New Virginia law aims to improve school emergency response

Every second counts for first responders when it comes to saving lives and now a new Virginia law aims to help those heroes navigate better as they respond to emergencies at schools. 

READ MORE: Virginia laws going into effect on January 1, 2024 

Public schools will be required to digitally keep an up-to-date and accurate floor plan for each building.   

Delegate Rob Bell (R-Albemarle), the lawmaker behind House Bill 741 which passed unanimously, said he was approached by members of law enforcement concerned that in the event of an emergency it’s too late to scramble around to find a floor plan by the time they get there.  


In the past, school floor plans were either on paper or a one-dimensional digital map, but officials say those are outdated. 

"Schools get renovated, schools have additions, some of them have trailers where the kids are, and it's real important people who arrive on a scene in an emergency know where to go and what to do." Bell said. "We don’t know where the emergency will be." 

The new plan will create a digital version that can now be shared with first responders on a cell phone or laptop.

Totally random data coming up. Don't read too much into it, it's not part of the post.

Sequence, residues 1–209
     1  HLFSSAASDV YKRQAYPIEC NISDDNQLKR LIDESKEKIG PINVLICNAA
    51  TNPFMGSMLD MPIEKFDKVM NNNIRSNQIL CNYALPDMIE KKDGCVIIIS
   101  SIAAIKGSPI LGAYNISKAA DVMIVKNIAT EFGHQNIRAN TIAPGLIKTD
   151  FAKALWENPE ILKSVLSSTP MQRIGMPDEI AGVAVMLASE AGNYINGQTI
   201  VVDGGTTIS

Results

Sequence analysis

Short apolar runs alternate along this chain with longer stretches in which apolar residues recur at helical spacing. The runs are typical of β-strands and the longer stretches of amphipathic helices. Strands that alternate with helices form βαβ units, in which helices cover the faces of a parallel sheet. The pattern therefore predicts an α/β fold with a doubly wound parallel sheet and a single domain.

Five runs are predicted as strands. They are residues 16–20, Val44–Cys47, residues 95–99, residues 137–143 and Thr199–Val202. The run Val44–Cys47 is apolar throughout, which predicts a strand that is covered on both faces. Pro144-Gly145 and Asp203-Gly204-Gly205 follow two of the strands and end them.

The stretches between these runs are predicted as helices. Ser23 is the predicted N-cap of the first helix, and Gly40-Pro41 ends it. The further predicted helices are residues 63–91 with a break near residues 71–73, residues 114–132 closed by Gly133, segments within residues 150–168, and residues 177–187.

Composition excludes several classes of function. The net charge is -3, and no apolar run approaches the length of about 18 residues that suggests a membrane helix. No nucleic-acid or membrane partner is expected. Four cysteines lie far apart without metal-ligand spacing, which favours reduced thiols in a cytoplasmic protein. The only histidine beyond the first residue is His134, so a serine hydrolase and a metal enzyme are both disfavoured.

Del. Bell says some schools do have them, but the issue is there is no requirement. 

Derrick Parks, president of Metropolitan Protective Services, told FOX 5 that having a digital map of the school gives them a chance to develop a strategy before arriving and makes their response faster and more effective.  

"You can identify if there’s a threat," Parks said. "If someone says you’re in room 205 or 306 and responding officers can actually see where that is through their digital devices, and they can pull that information up prior to arrival on scene." 

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Parks said when dealing with paper floor plans, law enforcement may not know where it is or have access to it so having an accurate layout of the buildings beforehand is a game-changer.

"I mean if you know specifically where the threat is whether it’s a fire, whether it’s an active shooter whether it’s some kind of confrontation and people can pinpoint that officers can now deploy and set up the right kind of perimeter as needed if a perimeter needs to be set up or go and neutralize whatever threats may occur." 

Governor Glenn Youngkin announced that $6.5 million dollars available through the Department of Criminal Justice Services to help schools develop digital floor plans.  

The program will fund up to $3,500 for schools that apply.